Abstract: Magic angles are a hot topic in condensed matter physics: when two sheets of graphene are twisted by those angles the resulting material is superconducting. I will present a very simple operator whose spectral properties are thought to determine which angles are magical. It comes from a 2019 PR Letter by Tarnopolsky–Kruchkov–Vishwanath. The mathematics behind this is an elementary blend of representation theory (of the Heisenberg group in characteristic three), Jacobi theta functions and spectral instability of non-self-adjoint operators (involving Hormander’s bracket condition in a very simple setting). Recent mathematical progress also includes the proof of existence of generalized magic angles and computer assisted proofs of existence of real ones (Luskin–Watson, 2021). The results will be illustrated by colourful numerics which suggest many open problems (joint work with S Becker, M Embree, J Wittsten in 2020 and S Becker, T Humbert and M Hitrik in 2022).
Monday, 3 April 2023, 2.05pm
Retiring the third law of black hole thermodynamics
Ryan Unger (Princeton University)
Monday, 3 April 2023, 3.00pm JCMB_Lecture Theatre B
The modified Korteweg-de Vries flow around self-similar solutions:large-time asymptotics and blow-up stability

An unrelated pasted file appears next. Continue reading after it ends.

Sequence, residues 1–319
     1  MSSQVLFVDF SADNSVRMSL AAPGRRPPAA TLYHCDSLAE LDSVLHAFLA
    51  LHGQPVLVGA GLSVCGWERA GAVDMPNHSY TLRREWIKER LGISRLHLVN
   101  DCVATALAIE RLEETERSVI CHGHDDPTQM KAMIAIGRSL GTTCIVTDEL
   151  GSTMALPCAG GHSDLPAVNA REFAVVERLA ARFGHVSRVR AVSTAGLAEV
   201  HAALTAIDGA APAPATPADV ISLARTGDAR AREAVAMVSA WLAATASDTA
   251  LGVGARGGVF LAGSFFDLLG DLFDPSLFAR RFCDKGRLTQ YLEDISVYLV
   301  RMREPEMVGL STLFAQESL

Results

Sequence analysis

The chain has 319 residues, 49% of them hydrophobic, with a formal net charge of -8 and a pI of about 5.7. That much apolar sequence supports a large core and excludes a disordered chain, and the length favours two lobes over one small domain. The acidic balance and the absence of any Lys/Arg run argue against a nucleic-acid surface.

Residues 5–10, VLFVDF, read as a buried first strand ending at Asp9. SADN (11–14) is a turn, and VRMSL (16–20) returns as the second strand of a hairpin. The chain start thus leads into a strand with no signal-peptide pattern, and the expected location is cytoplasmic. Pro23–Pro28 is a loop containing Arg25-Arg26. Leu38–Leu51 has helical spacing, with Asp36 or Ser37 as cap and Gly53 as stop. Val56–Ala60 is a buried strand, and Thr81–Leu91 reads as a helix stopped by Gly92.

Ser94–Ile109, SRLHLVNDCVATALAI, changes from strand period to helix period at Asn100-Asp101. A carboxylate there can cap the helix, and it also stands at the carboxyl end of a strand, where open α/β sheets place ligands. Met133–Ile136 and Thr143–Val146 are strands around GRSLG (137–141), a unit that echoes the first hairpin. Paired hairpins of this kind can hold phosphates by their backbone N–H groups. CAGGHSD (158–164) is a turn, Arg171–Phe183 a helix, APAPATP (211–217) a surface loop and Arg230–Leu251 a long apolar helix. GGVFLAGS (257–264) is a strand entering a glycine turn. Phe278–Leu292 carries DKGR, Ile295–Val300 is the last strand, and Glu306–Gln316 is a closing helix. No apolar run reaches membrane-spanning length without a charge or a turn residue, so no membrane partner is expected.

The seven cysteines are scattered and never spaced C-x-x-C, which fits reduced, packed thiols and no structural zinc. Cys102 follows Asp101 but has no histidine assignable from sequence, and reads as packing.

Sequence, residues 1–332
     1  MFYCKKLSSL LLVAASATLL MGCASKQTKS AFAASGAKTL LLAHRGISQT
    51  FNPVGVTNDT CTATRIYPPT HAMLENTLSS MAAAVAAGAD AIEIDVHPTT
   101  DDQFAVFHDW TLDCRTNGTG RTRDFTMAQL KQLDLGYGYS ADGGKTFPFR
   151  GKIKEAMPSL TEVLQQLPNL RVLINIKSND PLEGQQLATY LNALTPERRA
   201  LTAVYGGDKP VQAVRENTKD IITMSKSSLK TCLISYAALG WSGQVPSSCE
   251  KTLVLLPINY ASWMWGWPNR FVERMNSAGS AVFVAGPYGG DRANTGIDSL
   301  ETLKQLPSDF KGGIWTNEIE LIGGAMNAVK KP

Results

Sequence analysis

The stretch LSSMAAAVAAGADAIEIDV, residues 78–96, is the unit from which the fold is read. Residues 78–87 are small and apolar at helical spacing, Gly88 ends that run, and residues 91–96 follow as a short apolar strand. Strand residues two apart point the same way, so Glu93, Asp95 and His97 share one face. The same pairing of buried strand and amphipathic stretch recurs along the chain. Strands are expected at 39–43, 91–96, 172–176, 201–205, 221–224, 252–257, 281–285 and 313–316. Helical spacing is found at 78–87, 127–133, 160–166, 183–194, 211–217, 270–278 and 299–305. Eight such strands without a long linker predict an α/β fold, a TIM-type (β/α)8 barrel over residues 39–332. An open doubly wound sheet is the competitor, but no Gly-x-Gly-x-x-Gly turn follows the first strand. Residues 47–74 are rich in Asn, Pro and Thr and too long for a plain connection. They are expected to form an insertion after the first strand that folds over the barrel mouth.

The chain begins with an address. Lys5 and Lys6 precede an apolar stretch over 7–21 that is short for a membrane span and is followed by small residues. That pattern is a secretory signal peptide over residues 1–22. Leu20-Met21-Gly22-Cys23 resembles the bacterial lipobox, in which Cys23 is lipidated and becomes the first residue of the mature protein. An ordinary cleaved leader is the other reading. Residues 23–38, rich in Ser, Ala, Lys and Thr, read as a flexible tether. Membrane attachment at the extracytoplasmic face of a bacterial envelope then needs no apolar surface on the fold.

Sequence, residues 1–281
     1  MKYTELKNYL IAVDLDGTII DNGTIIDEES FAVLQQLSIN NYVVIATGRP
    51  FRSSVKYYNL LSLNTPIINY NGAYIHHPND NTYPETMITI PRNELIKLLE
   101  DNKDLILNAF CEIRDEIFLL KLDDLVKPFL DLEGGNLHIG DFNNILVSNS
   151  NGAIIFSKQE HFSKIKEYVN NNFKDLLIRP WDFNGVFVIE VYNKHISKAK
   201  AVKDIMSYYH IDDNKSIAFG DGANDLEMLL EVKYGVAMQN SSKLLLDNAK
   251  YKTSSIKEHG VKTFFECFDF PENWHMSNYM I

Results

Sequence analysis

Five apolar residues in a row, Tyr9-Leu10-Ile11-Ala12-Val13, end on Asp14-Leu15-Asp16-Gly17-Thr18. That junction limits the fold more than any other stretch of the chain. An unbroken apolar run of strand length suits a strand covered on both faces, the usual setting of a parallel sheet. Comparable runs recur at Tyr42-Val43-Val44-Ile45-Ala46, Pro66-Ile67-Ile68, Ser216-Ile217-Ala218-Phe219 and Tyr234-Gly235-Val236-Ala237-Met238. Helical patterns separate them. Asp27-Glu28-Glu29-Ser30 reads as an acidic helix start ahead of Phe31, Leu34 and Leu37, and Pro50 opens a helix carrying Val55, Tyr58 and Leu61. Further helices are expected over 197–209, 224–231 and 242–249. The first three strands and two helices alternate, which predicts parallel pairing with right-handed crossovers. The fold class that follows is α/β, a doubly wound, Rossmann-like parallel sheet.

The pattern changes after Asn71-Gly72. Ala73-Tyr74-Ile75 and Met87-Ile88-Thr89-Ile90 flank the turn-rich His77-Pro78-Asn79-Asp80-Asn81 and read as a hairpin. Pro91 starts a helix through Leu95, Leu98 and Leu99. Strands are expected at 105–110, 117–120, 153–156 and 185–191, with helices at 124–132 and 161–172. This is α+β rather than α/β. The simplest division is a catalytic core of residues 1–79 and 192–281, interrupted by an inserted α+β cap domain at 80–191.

Simão Correia (Instituto Superior Técnico)
Abstract: Self-similar solutions for the modified Korteweg-de Vries equation areof both physical and mathematical interest. On the physical side, among several applications, they model the formation of sharp corners in planar vortex patches. Mathematically, they describe the asymptotic behavior of solutions for large times and present a blow-up behavior at the initial time. Due to their scaling invariance, these solutions display several critical features (time decay, spatial decay and regularity), which means that the existing theory is not applicable. In this talk, I will show that one can define the flow around these solutions in order to analyze both the long-time and the blow-up asymptotics. Afterwards, I will present a stability result at the blow-up time and discuss future developments. This is joint work with R. Côte and L. Vega.
North British Functional Analysis Seminar meeting
Maria Jesus Carro (Universidad Complutense de Madrid)
Cristina Camara (IST Lisboa)
Monday, 24 April 2023
Harmonic measure on Cantor sets in the plane
Antoine Julia (Université Paris-Saclay)
Monday, 1 May 2023
Green functions, smooth distances, and uniform rectifiability.
Joseph Feneuil (Australian National University)
Thursday 1st June 2023, 4.p.m.
Dualities on sets and how they appear in optimal transport
Monday, 18 September 2023
Demi Allen (University of Exeter)
Monday, 25 September 2023
Polina Perstneva (Université Paris-Saclay)
Monday, 26 September 2022